Anywho… the cherry on top is when he parodies the Sarah McLachlan “Arms Of An Angel” song, with spectacularly-on-purpose-under-par guitar and vocals.
Instead of black and white slow-motion shots of shivering and neglected pets with sad eyes, we get color shots of happy kitties.
And even though we know exactly which gut-wrenching ad he’s referencing, we still find it cute. We can actually sit through it without screaming “I CAN’T WATCH THIS” and turning it off. (Don’t lie, you do it too.)
With over 5.6 million views, you can’t go wrong with this adorably funny parody.
Ikea’s “Experience the power of a bookbook” ad.
It looks and sounds exactly like an Apple ad, but it’s for Ikea’s product catalog.
Instead of creating their own ad from scrap, Ikea took an idea that had already been proven to work and pivoted.
That’s the thing about most successful parodies – the thing they’re parodying is already popular.
Because parodies only work if you get the references to what they’re imitating.
Ikea’s parody worked because everyone knew what Apple’s commercials looked and sounded like.
These four lines from the ad are ones to pay attention to:
- “The first thing to note is no cables. Not even a power cable… The 2015 Ikea catalog comes fully charged, and the battery life is eternal.”
- “The interface is 7.5 by 8 inches, but can expand to 15 by 8 inches.”
- “Content comes pre-installed, via 328 high definition pages of inspiring home furnishing ideas.”
- “At Ikea, we feel that technology this life-enhancing should be in the hands of everyone. So the 2015 Ikea catalog is free.”
Why these lines? Because these four lines are the only concrete facts stated in the entire two-and-a-half-minute ad.
- It’s a 2015 catalog
- the size dimensions
- the number of pages
- the price – free.
Sure they show you some of the pages as well, but actually, this ad is not about features. It’s about emotions.
It combines the clean, optimistic, and futuristic emotions of an Apple ad, while at the same time incorporating wry comedy. Comedy that works, because they’re presenting a simple furniture catalog as if it were an ultra-hyped expensive laptop.
This ad has over 19 million views on Youtube (and 700,000 views within one day of posting.)
“Luxury Defined” ‘96 Nissan Ad
When you need to offload an old POS, there’s no better way to do it than with an over-the-top ad.
Almost everyone else sells their used cars the same way (“Please buy it from me? I promise it’s not that bad!”)
But to advertise a used car the same way luxury car brands advertise theirs, it turns heads. (Over 2.6 million heads, says Youtube.)
The attention to detail is… *MUAH* (That’s me doing that Italian chef kiss thing with my hand.)
From the dramatic cello music, to vintage black and white shots of bridges and steel, to the pompous British voiceover (“The most iconic monuments always seem to be those that stand the test of time… the structures that weathered the years…. those that stood through wars and depression, and today still stand impressive…”) You think you’re actually seeing a new luxury car commercial.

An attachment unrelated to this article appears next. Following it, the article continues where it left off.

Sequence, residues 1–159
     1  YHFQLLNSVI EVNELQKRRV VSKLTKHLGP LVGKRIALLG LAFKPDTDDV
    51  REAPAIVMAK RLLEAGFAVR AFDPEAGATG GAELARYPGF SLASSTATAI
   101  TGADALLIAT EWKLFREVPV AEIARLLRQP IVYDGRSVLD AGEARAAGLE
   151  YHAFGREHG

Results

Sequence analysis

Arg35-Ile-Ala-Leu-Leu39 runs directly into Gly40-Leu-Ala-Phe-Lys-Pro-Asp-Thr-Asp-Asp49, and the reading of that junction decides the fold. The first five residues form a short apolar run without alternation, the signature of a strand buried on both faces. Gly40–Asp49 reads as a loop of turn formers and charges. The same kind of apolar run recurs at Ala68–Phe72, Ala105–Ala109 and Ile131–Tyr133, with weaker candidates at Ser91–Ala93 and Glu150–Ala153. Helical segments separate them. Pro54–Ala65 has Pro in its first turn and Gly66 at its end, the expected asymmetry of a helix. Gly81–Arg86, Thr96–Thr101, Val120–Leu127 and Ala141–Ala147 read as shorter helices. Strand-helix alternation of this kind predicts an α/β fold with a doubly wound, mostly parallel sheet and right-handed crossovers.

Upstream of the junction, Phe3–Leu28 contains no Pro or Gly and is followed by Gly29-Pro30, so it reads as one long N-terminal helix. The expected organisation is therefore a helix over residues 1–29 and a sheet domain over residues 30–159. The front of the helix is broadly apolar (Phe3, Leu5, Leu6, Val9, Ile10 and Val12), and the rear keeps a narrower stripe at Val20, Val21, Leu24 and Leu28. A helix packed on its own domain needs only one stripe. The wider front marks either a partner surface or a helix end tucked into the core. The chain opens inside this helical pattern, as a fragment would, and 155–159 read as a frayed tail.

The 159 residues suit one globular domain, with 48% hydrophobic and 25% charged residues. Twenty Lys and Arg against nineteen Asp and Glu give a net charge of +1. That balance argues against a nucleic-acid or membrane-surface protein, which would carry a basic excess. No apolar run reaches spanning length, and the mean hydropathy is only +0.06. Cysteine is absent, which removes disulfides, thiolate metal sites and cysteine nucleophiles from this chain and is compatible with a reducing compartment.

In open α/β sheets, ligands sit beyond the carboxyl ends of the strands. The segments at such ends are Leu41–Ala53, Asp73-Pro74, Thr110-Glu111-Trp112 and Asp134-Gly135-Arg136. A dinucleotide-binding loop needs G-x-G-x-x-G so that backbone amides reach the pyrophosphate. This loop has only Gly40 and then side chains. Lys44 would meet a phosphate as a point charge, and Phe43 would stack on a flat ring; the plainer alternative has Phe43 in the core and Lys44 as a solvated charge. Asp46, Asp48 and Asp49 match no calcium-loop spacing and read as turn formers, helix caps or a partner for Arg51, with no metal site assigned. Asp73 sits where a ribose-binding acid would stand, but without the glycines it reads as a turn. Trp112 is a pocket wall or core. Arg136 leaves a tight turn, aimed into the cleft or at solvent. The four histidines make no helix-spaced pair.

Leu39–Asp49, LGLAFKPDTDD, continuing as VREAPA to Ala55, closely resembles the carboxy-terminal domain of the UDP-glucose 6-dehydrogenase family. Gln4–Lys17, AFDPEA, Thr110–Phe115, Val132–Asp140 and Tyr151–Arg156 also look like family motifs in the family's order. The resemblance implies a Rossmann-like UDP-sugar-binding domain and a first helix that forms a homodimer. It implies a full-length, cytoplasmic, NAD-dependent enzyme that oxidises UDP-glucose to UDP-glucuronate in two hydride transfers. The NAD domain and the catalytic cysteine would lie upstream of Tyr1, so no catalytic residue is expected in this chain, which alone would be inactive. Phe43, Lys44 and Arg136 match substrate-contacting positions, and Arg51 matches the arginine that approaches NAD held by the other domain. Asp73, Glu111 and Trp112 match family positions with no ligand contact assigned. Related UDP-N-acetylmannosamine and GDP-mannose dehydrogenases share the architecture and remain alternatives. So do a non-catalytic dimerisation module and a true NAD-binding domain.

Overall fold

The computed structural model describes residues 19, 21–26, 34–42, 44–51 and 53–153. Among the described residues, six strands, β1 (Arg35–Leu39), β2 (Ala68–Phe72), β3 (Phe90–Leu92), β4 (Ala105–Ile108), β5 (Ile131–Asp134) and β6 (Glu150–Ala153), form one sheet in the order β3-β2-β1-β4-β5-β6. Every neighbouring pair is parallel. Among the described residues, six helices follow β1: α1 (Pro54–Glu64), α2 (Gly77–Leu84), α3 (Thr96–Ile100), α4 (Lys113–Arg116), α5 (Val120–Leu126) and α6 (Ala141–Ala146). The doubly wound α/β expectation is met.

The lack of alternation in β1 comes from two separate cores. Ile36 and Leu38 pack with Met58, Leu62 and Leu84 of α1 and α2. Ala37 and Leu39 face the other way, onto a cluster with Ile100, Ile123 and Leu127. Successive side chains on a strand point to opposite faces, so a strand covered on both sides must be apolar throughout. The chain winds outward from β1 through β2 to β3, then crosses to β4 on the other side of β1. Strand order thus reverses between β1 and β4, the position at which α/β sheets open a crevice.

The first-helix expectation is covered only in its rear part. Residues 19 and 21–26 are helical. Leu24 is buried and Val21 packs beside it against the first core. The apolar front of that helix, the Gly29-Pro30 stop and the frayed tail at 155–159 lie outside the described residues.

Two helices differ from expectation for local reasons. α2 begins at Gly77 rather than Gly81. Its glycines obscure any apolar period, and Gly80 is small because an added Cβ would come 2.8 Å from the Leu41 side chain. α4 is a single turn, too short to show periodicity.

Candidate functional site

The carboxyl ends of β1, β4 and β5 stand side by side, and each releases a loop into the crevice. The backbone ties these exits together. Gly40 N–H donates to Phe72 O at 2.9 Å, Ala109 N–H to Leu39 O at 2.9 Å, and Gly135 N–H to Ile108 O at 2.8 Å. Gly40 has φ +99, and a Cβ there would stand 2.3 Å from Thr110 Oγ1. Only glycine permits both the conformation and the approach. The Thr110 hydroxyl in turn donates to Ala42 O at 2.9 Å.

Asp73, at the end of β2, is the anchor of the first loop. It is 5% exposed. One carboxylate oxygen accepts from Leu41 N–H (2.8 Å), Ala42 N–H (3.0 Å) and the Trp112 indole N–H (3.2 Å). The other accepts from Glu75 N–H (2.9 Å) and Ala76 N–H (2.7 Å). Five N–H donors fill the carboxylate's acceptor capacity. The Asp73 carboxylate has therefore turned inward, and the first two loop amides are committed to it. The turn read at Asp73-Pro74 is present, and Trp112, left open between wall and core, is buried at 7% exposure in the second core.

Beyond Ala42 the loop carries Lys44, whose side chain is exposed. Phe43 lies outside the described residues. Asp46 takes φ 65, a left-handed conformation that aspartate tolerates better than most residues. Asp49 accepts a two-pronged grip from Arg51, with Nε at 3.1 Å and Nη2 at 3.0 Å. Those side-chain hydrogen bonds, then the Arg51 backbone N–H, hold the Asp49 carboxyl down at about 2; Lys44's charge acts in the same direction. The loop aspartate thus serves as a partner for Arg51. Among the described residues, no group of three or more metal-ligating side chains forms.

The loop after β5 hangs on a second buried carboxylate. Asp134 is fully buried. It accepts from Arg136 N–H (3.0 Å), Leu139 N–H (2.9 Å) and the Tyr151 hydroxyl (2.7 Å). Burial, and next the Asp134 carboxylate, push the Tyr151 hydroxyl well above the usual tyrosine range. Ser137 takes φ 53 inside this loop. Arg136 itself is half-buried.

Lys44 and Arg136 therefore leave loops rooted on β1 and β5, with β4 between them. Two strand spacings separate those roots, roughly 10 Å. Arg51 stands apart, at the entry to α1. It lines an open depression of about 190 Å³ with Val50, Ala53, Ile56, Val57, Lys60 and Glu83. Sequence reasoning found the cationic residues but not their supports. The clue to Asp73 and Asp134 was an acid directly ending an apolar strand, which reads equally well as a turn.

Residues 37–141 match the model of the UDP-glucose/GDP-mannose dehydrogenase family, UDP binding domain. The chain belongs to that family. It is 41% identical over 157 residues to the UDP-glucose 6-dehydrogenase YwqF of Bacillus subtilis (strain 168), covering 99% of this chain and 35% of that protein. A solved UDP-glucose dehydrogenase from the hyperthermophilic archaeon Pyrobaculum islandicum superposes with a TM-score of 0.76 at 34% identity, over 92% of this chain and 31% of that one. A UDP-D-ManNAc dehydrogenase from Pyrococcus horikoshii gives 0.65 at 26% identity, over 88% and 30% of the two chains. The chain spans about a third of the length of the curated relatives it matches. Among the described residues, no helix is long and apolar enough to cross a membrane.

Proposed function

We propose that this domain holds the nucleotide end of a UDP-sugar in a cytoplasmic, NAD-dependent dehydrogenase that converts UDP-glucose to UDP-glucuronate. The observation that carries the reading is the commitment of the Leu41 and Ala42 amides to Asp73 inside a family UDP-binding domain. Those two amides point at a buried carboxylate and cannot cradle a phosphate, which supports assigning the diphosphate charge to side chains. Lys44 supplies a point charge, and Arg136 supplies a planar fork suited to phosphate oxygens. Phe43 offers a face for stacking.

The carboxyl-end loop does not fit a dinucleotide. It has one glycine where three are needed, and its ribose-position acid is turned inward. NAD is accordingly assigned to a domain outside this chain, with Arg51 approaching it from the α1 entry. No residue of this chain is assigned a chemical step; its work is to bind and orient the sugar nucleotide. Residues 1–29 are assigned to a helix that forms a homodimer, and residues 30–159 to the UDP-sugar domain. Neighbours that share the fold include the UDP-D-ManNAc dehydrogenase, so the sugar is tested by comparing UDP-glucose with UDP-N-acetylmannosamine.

He builds the tension for twenty seconds before revealing the twist… that this is an ad for a seventeen-year-old-worn-out car.
Then he juxtaposes the dramatic music, low-light quick-cuts, and voiceover with shots of torn-up seats and a tied-down hood.
Notice again how there are very few product facts in this ad. What do we really know about the car, other than we love it? We know it’s a seventeen-year-old sports sedan, “with an engine, wheels, tires, and an automatic transmission.”
Yet 2.6 million people were captivated enough to watch this ad for a full minute.
It even captivated Nissan, who actually bought the car and donated a thousand bucks to the charity of the ad-makers choice.
How can you use parodies in your advertising?
1. One way to start is by listing the stereotypes and cliches often found in your business or industry. Is there something you could make fun of there?
Are there any flaws in your industry or business that you’re afraid to talk about? Time to get ahead of them before your audience or your competition does.
Speaking of your competition, do they have flaws that you don’t? A great way to highlight them without smearing them is through parody.
A good place to find ideas for these flaws, stereotypes, and cliches is in memes. Memes are the currency of the internet, and if you want to know what people are joking about, you go to the memes.
2. Much like Ikea did with their catalog ad, is there a current popular or proven trend, style, movement, etc. going on that you could reference?
3. Similes are a helpful nudge into finding something parody-worthy. What are the elements of your business “like?” What are various points of the client experience “like?”
Are there elements of the client experience that are similar to different, seemingly unrelated things?
4. Watch other parodies. SNL has a ton for you to take notes on.
The best thing you can do to improve your use of parodies is to study how others do it.
Or you could just call us at the Wizard of Ads™. We study this stuff so you don’t have to.
Parody a bit too cheeky for you? Try Juxtaposition.